The FSB will, therefore, continue to fulfil a coordinating role to promote financial stability, avoiding any sudden change in the integration of the global economy and financial system.

Banks were able to absorb the March 2020 turmoil caused by the pandemic, but non-bank financial institutions amplified the stress. What needs to be done to make the NBFI sector more resilient?

The March 2020 episode provided important lessons for the resilience of the global financial system. In particular, the financial market turmoil showed that our NBFI-specific reform efforts following the 2008 global financial crisis were not sufficient. The episode demonstrated how systemic risks within the NBFI sector can evolve and how liquidity risks in different markets can be amplified by interactions within the NBFI ecosystem and interconnectedness with banks.

Our NBFI work programme to date has focused on assessing and addressing vulnerabilities in specific areas that may contribute to the build-up of liquidity imbalances and their amplification. These include money market and open-ended funds, margining, bond market structure and liquidity, and cross-border dollar funding.

We will use the insights from these areas to develop a systemic approach to assessing and addressing risks in NBFI and a policy toolkit that is effective from a system-wide perspective. Our upcoming conference, in June, is an important input into this work.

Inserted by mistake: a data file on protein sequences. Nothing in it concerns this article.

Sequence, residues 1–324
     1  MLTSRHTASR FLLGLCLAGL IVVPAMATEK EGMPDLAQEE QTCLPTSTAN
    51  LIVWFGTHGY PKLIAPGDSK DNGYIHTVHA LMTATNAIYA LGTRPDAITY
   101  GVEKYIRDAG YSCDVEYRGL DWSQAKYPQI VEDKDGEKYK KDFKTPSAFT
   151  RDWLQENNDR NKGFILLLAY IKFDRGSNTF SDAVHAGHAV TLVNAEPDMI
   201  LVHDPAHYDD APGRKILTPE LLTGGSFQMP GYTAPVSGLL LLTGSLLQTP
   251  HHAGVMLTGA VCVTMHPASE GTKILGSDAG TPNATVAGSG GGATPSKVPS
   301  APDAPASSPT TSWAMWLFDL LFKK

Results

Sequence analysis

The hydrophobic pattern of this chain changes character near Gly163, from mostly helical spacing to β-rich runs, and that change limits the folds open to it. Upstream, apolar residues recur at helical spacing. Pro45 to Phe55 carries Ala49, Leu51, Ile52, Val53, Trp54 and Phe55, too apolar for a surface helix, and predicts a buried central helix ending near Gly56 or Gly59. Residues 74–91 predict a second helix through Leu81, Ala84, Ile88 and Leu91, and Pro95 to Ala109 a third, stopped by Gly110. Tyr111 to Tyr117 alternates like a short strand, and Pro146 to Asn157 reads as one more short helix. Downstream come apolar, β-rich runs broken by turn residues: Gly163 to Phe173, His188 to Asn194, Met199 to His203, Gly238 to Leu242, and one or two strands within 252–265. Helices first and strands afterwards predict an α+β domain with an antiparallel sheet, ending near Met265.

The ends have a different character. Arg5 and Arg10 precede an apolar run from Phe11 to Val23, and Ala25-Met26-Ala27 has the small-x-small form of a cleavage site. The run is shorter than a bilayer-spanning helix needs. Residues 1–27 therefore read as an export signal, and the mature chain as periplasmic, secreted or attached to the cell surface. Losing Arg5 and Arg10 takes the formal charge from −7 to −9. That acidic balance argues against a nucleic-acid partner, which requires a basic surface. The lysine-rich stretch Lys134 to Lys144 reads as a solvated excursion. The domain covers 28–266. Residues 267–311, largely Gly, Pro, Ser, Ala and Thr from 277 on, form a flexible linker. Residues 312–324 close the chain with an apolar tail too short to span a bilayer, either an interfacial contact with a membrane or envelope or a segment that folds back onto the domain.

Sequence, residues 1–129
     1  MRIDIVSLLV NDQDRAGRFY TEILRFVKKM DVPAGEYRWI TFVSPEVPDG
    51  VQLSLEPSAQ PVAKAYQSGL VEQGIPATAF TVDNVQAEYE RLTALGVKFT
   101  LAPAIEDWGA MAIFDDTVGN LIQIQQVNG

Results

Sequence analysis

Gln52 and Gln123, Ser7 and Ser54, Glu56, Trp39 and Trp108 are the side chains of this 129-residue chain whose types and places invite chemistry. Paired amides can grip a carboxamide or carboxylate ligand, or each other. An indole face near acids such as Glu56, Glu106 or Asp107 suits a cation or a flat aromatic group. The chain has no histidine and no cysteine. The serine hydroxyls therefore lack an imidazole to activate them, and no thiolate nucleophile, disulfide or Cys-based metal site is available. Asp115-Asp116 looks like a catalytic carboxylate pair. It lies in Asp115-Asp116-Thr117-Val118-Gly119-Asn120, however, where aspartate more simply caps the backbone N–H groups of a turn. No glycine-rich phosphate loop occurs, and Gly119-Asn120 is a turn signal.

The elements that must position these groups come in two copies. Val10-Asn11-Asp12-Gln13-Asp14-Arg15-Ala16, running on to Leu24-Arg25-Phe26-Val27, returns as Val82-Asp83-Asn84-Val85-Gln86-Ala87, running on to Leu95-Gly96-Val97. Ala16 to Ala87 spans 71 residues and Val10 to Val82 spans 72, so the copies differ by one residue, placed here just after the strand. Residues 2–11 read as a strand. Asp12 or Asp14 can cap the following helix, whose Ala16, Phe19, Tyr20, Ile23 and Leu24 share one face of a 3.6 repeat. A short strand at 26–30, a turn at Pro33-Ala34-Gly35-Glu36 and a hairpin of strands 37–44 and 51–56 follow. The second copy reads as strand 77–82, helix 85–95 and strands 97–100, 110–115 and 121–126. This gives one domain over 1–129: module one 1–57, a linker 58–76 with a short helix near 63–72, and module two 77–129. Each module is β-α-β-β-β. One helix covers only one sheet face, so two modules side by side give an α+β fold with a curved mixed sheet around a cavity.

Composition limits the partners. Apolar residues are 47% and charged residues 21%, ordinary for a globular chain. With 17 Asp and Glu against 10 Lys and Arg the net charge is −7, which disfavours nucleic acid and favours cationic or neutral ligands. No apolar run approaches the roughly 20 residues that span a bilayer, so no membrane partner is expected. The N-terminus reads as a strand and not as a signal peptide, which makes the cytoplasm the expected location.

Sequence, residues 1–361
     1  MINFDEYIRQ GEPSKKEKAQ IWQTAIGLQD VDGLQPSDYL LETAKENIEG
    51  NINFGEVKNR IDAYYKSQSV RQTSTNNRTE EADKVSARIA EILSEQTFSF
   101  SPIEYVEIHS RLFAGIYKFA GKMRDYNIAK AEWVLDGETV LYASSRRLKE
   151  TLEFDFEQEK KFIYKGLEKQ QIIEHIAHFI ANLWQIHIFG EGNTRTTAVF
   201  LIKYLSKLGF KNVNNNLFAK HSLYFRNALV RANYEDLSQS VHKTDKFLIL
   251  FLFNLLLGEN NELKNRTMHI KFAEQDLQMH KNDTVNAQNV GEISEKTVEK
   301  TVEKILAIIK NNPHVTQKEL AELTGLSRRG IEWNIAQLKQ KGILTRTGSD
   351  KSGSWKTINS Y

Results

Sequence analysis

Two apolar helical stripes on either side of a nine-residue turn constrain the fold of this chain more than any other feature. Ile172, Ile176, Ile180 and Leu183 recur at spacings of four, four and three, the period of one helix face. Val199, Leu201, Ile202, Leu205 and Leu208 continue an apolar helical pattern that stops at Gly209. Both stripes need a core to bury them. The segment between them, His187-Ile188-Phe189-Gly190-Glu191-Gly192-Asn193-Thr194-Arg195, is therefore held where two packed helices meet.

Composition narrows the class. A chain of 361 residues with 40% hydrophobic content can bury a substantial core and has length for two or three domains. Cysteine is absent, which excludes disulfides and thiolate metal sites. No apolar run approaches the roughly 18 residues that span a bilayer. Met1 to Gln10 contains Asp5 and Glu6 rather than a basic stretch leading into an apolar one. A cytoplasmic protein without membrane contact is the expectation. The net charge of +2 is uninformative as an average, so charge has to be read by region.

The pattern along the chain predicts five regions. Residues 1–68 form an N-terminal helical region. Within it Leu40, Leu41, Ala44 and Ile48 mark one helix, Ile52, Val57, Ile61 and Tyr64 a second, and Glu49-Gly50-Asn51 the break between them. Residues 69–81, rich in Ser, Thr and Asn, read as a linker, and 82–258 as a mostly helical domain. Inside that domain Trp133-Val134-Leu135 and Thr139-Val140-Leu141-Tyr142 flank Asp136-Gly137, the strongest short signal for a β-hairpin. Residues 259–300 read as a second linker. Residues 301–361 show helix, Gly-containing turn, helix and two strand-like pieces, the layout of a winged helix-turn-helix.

But we are not totally off the hook in terms of the banking sector either. Our lessons learned report noted that the functioning of bank capital and liquidity buffers may warrant further consideration. Some concerns about excessive financial system procyclicality also remain. Recent experience has underscored the need to ensure that the core banking system remains resilient to stress and is able to support financing to the real economy as we progressively unwind support measures – so implementing the final Basel III reforms in a full, timely and consistent manner is a key priority.

The use of digital financial services has increased since the onset of the COVID-19 pandemic. What are the challenges in ensuring we harness the benefits of digital innovation, particularly in payments?

Digital innovation offers opportunities for more efficient and inclusive finance, but also presents new risks to financial stability. The use of new technology is one important element of the ongoing work to enhance cross-border payments. The aim of this initiative is to bring about cheaper, faster and more transparent and inclusive cross-border payment services, including remittances, for the benefit of citizens and businesses worldwide.